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Saturday, January 17, 2009

Aquaman (Vol.6) #64 - Feb. 2000

Comics Weekend "War"

This was Dan Jurgens' second issue as writer on Aquaman, along with Steve Epting and Norm Rapmund as artists. We left off last issue with Cerdia having attacked Atlantis, but instead of using bombs and bullets, they used somewhat sentient coral to do the dirty work.

Like the previous issue, this one opens in the future, with an aged Garth talking to his granddaughter Donna who is writing a report on Atlantis:

Around this time, Garth and Dolphin's son had just been born, and with Mera and Vulko helping them out, it was up to Aquaman to survey the destruction of his city alone:
Luckily, via Mera's hard-water powers, she was able to help keep them all safe from the city's crumbling buildings. Once everyone is deemed reasonably okay, Garth--aka Tempest--vows to go help his old mentor. As he takes off, Mera curses to herself that Garth is a lot like her husband, who was always putting duty ahead of family.

He meets up with Aquaman and members of the Atlantean Guard, who are now searching for survivors:
I love the statue of Arthur and Mera in happier times being part of the wreckage. A nice touch.

Aquaman's right hand man, Rodunn, asks why he doesn't just command the coral to stop attacking, but Aquaman explains that while they are sentient, they are so primitive that they don't understand his commands.

But that gives Aquaman an idea--he finds a collection of jellyfish, which are the most primitive sea creatures that could still understand his commands. He has plants the command to stop attacking in the jellyfish's heads, and they in turn communicate to the coral.

He also told the coral--which, while made up of billions of tiny organisms, are acting as one--to break apart if they are hit. He and Tempest then go about the hitting:
Meanwhile, back in Cerdia, Queen Charlanda and her lieutenant, Counselor Whynt, are surveying their strike against Atlantis. Charlanda is happy with the work of the "inside agent" they hired to help with the coral attack, but Whynt wonders why this agent would help them--"What's in it for them?"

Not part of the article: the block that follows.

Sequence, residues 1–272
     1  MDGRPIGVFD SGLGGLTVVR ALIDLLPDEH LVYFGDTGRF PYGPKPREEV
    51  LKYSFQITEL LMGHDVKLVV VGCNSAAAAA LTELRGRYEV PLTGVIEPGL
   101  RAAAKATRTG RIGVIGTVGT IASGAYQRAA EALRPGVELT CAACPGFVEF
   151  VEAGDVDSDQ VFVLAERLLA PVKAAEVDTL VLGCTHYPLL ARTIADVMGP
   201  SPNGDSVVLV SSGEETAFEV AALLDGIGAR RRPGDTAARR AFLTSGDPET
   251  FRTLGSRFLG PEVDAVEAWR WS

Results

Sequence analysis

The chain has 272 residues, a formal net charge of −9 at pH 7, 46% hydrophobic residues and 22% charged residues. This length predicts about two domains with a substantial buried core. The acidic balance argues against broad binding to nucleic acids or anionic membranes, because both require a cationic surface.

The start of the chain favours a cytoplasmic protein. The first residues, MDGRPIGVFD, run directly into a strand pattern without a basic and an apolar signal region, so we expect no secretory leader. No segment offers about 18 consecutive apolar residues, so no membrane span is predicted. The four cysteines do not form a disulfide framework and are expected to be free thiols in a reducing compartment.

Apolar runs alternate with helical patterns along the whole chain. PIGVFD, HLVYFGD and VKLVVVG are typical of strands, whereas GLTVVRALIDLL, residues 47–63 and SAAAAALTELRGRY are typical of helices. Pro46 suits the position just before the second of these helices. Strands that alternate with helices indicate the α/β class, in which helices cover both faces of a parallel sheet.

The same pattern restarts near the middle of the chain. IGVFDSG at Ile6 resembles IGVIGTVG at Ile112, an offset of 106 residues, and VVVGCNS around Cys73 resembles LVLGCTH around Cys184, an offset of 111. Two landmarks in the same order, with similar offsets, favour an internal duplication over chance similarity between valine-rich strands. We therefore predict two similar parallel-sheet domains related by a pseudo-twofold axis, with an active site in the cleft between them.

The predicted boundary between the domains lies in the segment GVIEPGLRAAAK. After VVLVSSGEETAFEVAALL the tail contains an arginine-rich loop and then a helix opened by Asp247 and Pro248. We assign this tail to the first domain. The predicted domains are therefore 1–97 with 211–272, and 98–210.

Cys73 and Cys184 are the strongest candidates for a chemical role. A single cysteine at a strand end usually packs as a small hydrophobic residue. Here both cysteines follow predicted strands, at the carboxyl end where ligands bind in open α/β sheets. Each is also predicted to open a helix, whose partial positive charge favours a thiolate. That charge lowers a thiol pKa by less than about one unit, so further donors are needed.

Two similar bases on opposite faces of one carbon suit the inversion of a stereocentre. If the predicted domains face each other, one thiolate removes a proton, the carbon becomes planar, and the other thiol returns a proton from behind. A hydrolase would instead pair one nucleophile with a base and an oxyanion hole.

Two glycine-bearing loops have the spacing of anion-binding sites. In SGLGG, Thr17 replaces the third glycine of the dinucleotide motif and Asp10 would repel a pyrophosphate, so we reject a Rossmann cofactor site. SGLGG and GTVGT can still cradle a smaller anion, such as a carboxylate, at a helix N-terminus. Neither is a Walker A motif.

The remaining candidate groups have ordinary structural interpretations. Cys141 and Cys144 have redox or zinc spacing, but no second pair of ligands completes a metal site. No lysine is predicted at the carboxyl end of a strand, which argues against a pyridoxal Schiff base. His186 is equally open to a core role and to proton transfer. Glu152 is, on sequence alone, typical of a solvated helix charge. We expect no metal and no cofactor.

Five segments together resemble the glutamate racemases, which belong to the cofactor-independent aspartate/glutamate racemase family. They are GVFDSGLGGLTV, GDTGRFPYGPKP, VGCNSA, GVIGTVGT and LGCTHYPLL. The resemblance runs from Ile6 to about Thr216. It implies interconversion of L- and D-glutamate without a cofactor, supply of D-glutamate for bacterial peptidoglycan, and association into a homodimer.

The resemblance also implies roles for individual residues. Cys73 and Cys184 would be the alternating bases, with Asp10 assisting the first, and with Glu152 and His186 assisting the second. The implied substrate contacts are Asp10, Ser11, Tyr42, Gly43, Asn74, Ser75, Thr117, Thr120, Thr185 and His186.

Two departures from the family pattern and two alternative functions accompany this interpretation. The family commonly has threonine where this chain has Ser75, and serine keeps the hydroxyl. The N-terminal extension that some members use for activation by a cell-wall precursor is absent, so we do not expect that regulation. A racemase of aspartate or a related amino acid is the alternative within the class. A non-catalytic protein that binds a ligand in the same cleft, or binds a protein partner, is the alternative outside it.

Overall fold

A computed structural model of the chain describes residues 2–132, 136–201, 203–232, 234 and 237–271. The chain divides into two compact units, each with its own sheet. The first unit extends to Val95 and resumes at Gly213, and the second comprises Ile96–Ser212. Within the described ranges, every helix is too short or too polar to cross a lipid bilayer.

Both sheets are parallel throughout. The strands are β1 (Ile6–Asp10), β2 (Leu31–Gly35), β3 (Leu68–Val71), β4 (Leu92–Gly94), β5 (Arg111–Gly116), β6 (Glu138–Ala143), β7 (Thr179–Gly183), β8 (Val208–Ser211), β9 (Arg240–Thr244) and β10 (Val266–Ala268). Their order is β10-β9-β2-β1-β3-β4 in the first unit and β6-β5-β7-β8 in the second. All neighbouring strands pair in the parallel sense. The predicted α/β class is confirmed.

Under the water, someone we can't quite see arrives in Atlantis and attacks Mera, Vulko, and Dolphin. And they are pleased to find a newborn child, as well...

Aquaman and Tempest return to Atlantis to help rescue more survivors, including some Surface Dwellers who regularly visit Atlantis as part of an exotic tourist trip. As he finds some of them, one of his soldiers, an Ensign Sh'Hasc, tells his king to leave them to him:
Aquaman tries to calm him and some other down, while Tempest helps get the Surface Dwellers out of harm's way. Then Rodunn arrives, and tells them things are even worse--an Atlantean school has been hit!

Aquaman digs through the crumbled building, but there are no survivors--627 Atlantean children are dead. For a few moments, everything is quiet, as Aquaman is on his knees, overwhelmed.

He eventually collects himself, and asks Tempest what it was that he was trying to tell Arthur earlier, but Arthur didn't have the time to hear it--that his son has been born.

This small glimmer of hope is immediately dimmed by the news from Mera that someone has kidnapped the child! Aquaman has had enough:
To be continued!

Jurgens, Epting, and Rapmond made for a good team on Aquaman--this is a big, exciting storyline, and Epting delivered some astounding layouts. In each issue Aquaman gets at least one full-page shot where he looks dynamic and, well, cool--and this issue's double-page splash is a great example of that. And I think Epting's muscular, action-oriented work is a nice contrast to the covers by Michael Wm. Kaluta, whose work is more gentle and fanciful, but just as compelling.

Be here tomorrow to follow the continuing battle between Aquaman and Cerdia!

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